Culture & History, Learn Spanish

No Hay

If you have lived in Mexico for a while, the title of this article will sound a familiar ring

Spanish Pinpointed

If you have lived in Mexico for a while, the title of this article will sound a familiar ring.  If you come to live in Mexico for a while, you will, without doubt, become well acquainted with these two words.

No Hay, in Spanish, means “there isn’t any,” and in Mexico the term may be applied to almost anything, anytime you need or wish to acquire something.

The term may be used to express a dearth of foodstuffs, “No hay leche” (no milk today), stuff in general, “No hay lentes de contacto” (no contact lenses in stock), and even services, No hay luz” (power cut).

While the overall availability of all kinds of things and services is Mexico has improved immensely in recent years, in comparison to its northern neighbors, the continuous reliable supply of certain types of goods and services can sometimes still be a hit-and-miss affair here.

This inconsistency of supply can sometimes be a source of frustration, in most part, because Murphy’s Law dictates that in Mexico, the infamous ‘No Hay’ will spring up at the precise moment when whatever isn’t available will cause you some inconvenience, and never when it really doesn’t matter.

It could be that your car just broke down, and ‘no hay’ applies to the very part it happens to need now; perhaps the local store has run out of a key ingredient you need for tonight’s dinner party; or perhaps you’ve been looking forward to eating tamales, and the restaurant you sit down at “doesn’t have any today.”

The impact of ‘no hay’ also depends upon where you are situated, how much energy you’re willing to expend in locating whatever it is you want or need, and what price you’re willing to pay to obtain it.

For example, if a store in Mexico City you go to says ‘no hay,’ there’s a high probability that some other place in the capital will have stock.  If you are in the provinces, ‘no hay’ could mean ‘no hay’ for hours, days, or weeks, – or ever – leaving you with little alternative but to try the next nearest ‘bigger’ town or city. Or Amazon.com.

The ‘no hay’ effect may be mitigated with some forward planning, but it may never be completely avoided.

Part of the art of living in places like Mexico is that one comes to accept that, on some occasions, you just can’t—and that’s as it is.  In the moment when it happens, ‘no hay’ may be frustrating or inconvenient to your situation. Nonetheless, when you live in Mexico, the omnipresent ‘no hay’ will pay homage to your situations sooner or later.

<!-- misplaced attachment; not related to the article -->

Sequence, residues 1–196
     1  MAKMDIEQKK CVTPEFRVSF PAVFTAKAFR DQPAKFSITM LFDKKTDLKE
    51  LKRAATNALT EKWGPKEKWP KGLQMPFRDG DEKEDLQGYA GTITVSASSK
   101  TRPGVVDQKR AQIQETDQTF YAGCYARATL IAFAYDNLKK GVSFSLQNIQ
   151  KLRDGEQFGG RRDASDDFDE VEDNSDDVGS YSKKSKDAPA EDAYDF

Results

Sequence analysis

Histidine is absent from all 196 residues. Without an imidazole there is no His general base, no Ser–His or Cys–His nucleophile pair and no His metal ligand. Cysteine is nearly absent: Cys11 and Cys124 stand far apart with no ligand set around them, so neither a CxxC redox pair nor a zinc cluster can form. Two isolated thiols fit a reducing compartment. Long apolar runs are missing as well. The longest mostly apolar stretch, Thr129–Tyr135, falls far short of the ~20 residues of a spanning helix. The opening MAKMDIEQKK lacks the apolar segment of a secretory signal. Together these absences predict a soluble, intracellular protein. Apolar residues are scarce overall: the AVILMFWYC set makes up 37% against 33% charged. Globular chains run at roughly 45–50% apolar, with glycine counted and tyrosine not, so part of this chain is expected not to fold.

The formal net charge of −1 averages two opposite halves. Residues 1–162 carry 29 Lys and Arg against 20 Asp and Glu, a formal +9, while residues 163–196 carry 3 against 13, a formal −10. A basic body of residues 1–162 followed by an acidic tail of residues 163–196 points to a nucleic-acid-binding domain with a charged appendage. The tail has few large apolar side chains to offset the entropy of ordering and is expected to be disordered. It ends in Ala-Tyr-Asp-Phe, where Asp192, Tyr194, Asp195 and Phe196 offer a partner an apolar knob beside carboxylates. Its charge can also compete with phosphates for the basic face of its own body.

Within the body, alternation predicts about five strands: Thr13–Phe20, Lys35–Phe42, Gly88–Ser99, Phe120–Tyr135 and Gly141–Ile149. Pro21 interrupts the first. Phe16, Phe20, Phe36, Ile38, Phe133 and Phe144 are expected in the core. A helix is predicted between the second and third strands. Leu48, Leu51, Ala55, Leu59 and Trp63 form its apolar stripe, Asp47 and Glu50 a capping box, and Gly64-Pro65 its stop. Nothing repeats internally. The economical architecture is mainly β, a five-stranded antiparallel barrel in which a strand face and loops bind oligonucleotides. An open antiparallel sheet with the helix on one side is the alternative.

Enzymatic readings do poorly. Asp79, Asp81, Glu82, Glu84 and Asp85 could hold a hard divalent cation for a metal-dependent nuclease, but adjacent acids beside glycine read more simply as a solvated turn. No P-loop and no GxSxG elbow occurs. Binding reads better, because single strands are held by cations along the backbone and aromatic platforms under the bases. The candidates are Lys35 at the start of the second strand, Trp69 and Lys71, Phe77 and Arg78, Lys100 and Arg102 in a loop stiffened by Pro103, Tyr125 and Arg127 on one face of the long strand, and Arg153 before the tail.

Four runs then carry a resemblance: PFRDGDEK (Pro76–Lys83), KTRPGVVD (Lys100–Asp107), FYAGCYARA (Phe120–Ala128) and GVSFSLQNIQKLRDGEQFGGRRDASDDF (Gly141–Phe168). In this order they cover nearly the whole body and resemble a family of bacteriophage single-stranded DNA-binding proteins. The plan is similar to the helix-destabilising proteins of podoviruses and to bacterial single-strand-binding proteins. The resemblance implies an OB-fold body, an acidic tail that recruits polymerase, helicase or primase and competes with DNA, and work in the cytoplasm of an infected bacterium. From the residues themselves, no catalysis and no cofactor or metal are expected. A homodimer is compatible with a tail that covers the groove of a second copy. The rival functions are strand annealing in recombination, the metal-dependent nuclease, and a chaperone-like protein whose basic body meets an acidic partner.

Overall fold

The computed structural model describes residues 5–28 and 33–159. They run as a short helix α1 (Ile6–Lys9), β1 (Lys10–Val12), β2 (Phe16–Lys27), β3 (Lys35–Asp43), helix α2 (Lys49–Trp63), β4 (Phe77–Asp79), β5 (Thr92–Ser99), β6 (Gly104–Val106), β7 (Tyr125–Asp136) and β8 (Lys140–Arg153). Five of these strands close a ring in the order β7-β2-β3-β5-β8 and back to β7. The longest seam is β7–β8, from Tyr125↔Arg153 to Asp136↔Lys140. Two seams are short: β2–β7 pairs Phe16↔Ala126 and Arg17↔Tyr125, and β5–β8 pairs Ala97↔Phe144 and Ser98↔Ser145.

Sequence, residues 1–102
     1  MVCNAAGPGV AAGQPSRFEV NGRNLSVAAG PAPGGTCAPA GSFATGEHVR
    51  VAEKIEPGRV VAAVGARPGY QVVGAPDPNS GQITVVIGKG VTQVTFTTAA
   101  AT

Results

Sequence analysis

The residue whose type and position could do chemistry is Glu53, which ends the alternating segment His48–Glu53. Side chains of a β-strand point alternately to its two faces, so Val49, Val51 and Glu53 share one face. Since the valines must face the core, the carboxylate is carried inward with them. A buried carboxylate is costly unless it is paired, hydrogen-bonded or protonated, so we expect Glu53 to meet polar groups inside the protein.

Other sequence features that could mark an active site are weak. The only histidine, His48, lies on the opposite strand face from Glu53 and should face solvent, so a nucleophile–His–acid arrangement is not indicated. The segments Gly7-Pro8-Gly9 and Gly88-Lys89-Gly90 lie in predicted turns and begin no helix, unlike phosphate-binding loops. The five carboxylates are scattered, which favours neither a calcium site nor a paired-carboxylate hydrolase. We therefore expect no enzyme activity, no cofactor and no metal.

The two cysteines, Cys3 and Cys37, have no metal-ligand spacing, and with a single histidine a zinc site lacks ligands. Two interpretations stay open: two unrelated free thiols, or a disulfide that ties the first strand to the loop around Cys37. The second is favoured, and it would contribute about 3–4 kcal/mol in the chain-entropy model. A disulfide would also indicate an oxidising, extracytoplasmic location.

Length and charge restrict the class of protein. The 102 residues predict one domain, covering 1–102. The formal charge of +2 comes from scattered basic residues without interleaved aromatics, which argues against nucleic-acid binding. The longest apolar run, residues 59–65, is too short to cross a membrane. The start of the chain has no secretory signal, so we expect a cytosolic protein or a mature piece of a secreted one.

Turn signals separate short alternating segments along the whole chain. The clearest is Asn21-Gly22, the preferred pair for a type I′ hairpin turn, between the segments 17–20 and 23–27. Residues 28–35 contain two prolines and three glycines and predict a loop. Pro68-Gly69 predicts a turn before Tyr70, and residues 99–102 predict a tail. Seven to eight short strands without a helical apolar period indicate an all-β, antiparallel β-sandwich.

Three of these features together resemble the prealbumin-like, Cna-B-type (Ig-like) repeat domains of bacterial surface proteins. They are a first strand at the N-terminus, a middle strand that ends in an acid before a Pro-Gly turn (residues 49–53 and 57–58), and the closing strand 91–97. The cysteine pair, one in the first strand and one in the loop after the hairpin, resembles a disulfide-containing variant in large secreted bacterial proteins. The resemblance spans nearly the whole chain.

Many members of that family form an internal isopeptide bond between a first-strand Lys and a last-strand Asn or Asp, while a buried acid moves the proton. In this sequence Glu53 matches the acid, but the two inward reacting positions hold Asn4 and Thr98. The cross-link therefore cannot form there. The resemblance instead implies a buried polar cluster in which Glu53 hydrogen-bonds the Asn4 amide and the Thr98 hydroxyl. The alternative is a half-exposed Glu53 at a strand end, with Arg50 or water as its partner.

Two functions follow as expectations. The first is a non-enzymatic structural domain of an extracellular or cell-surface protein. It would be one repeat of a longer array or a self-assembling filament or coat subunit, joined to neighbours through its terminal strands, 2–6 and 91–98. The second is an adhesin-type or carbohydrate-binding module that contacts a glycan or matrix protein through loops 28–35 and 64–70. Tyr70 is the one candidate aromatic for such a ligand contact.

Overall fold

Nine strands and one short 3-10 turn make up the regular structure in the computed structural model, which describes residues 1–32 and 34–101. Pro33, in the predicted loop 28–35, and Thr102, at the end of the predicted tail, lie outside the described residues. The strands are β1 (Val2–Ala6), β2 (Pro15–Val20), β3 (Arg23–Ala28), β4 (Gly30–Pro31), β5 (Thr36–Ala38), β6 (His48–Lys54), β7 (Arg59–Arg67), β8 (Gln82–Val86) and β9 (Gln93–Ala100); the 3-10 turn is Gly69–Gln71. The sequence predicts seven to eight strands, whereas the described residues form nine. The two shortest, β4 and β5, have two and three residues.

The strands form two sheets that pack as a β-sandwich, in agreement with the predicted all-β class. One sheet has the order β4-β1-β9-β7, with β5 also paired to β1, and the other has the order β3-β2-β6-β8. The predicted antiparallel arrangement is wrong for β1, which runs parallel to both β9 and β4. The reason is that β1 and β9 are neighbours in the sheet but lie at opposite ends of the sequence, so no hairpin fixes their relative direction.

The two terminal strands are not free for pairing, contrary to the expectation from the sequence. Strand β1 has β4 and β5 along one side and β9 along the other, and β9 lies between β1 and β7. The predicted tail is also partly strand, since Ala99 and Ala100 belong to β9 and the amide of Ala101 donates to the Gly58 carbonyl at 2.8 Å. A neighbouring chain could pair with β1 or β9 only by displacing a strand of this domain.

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7 Comments

  1. peter obrien says

    Behind all the comments here, there is the unstated (unrecognised) belief that you entitled to have anything you want, as soon as you want it. In actuality this is a belief manufactured and sold to us by huge commercial entities and their parasitic ad agencies. This totally unfounded belief is an important part of the wage trap that keeps people both enslaved and needing more. Needing more, right now. Read this article again but as you do remember that a large portion of the worlds population can’t get a glass of clean water, let alone any food; for themselves or their children. Then sit back in your upmarket cafes with your lattes and tell each other harrowing stories about peanut butter shortages, Wake up!! What bought you here?

  2. Colette and Philip Pepperell says

    Great post!
    “No hay” is a common phrase down here in Ecuador as well and comes up a lot at the grocery stores. Even the huge Megamaxi (supermarket chain) down here in Manta, which theoretically has everything, when they run out, it could be ‘no hay’ for weeks and months.
    All part of the “Aventura de Cultura”! Love it!

  3. B.Buckman says

    As the writer states ‘no hay’ could mean never in the provinces, I know because that’s where I live. Over the years I have heard the phrase ad nausea and since we are within 70 kilometers of Leon folks here always add: ….’en Leon hay’.
    I agree with Oscar, it’s simply a matter of poor management. A store, even a large chain store, will stock a case or two of a product, say Skippy Peanut Butter, and they will sell quickly. Then, instead of recognizing they have a good seller and making sure they have ample in stock and means for ordering more the product simply disappears. Some will return eventually but some never return. I’ve asked an employee where a certain item is that I’ve been buying for months and will receive the ubiquitous ‘no hay’. No matter how I try to convince them that I have bought said item in this store for a long time I’m given a quizzical look which seems to say; ‘Are you sure? Perhaps you mean some other store because here ‘no hay’.

  4. Oscar Romero says

    The problem with this sentiment about the reasoning as to why–we seem to always hear “no hay”, I think, in my humble opinion–that it will always boils down to poor planning or no planning, most likely. Why can we simply learn and–try and plan better so that we could minimize or eliminate the “no hays”? Or–at the same time, place ourselves in our customer shoes and go further with a much better customer service and provide a place where “si hay”. That will cause a “wow” response from the customer for sure.

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